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Cottoning On: Organic cotton – can it really make a difference?

Cottoning On

Cotton. Our wardrobes are full of it. T-shirts, jeans and underwear, all are made from this natural fibre, but most don’t consider the environmental impact of their shopping habits. Most severely underestimate the amount of water that it takes to make a t-shirt, believing it only takes 314 litres of water to make a singular T-shirt. But shockingly that is just 12% of the actual figure of 2,700 litres. However, if you choose to buy a certified organic cotton T-shirt, you would save a rather staggering 2,457 litres of water, which to put it into perspective, is the same as someone drinking eight glasses of water a day for three and a half years.

To save water in the supply chain, consumers are being urged to buy organic cotton rather than regular cotton. More than half of the items bought in the fashion industry are made from cotton, which equates to an extremely large volume of water. Growing cotton accounts for 69% of the water footprint of textile fibre production; just one kilogram of cotton takes as much as 10,000-20,000 litres of water to produce. The World Economic Forum has identified water shortage as one of the top 10 global risks to society that will occur over the next 10 years, however the majority of cotton is grown in countries that are already struggling with water scarcity.

Yet growing organic cotton uses up to 91% less water than growing conventional cotton. As well as significantly reducing water wastage, organic cotton is the only cotton that eliminates toxic substances from being released into the environment as a result of the use of pesticides and insecticides. The pesticides that are used to grow non-organic cotton are harmful to the environment as they enter the waterways and damage the wildlife that inhabits them. Organic cotton emits 46% less greenhouse gas than non-organic cotton, as it is no grown using fossil-fuel based fertilisers. Conventional cotton alone is responsible for 16% of all insecticides sold worldwide, and so by buying Organic Cotton you are helping to protect eco-systems from being damaged by these toxic pollutants.

Organic cotton is better for the planet, but it is also better for the people. Organic farmers always grow other crops alongside their cotton. These crops can provide farming families and their communities with a more stable, accessible, abundant and diverse food supply and another source of income.

At Bags of EthicsTM we offer organic cotton to all of our clients. Despite organic cotton costing more than non-organic cotton, it is clear that it has a drastic improvement on the environment. Sustainability is the buzzword of 2019, and many companies and individuals are currently striving to be more sustainable. If you are a business, choosing organic cotton for your totes is one way in which you can become more ‘green’. If you are a consumer, when shopping for clothes, look out for brands that use organic cotton. Brands such as Reformation, Everlane, and All birds are pioneers in the sustainable fashion space, using organic cotton, and being completely transparent about how and where their clothes are made.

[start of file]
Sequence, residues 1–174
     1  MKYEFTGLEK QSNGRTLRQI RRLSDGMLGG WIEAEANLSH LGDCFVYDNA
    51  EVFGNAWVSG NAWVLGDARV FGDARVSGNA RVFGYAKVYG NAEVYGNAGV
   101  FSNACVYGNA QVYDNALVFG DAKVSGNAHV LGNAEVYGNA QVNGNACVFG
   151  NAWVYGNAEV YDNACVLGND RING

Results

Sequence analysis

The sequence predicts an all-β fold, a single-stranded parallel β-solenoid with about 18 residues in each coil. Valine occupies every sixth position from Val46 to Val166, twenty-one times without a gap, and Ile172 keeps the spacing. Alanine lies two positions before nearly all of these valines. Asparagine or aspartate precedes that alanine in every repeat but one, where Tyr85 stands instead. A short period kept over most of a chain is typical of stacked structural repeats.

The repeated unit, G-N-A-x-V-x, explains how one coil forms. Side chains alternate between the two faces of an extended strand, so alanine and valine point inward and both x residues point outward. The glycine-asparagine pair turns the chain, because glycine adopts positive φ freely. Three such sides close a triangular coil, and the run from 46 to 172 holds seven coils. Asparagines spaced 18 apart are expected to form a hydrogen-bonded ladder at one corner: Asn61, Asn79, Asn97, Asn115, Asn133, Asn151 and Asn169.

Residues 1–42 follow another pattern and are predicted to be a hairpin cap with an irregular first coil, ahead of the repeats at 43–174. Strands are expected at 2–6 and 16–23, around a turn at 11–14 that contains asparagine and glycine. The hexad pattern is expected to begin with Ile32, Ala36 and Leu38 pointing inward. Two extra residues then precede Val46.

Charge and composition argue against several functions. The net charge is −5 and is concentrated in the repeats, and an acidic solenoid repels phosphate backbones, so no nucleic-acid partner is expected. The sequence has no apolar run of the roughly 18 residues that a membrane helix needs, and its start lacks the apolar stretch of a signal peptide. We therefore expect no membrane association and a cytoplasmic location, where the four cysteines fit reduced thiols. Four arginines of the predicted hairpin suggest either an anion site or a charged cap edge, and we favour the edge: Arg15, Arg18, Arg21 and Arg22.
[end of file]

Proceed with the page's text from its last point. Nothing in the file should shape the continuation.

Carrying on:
At Bags of EthicsTM, whilst we encourage all of our clients to opt for organic cotton, we understand that this is not always a viable option in terms of affordability for some smaller companies who are looking to keep costs as low as possible. However, even our non-organic cotton is sourced from farmers who conduct responsible farming practices on the land, and are part of the Agrocel community.

We believe that as consumers we should be much more conscious about the effect that our passion for fashion is having on our environment. We are transparent about our manufacturing practices, and whilst we aim to produce our totes as ethically and sustainably as possible, we know that we are not perfect, and so are constantly striving to better ourselves and our manufacturing processes. We also want to help educate others on ways in which they can make small changes to their everyday lives in order to be more sustainable – buying organic cotton clothing is just one of the many ways we can do this. For more tips and tricks, check out our Instagram – @bagsofethics.

Daisy from Bags of EthicsTM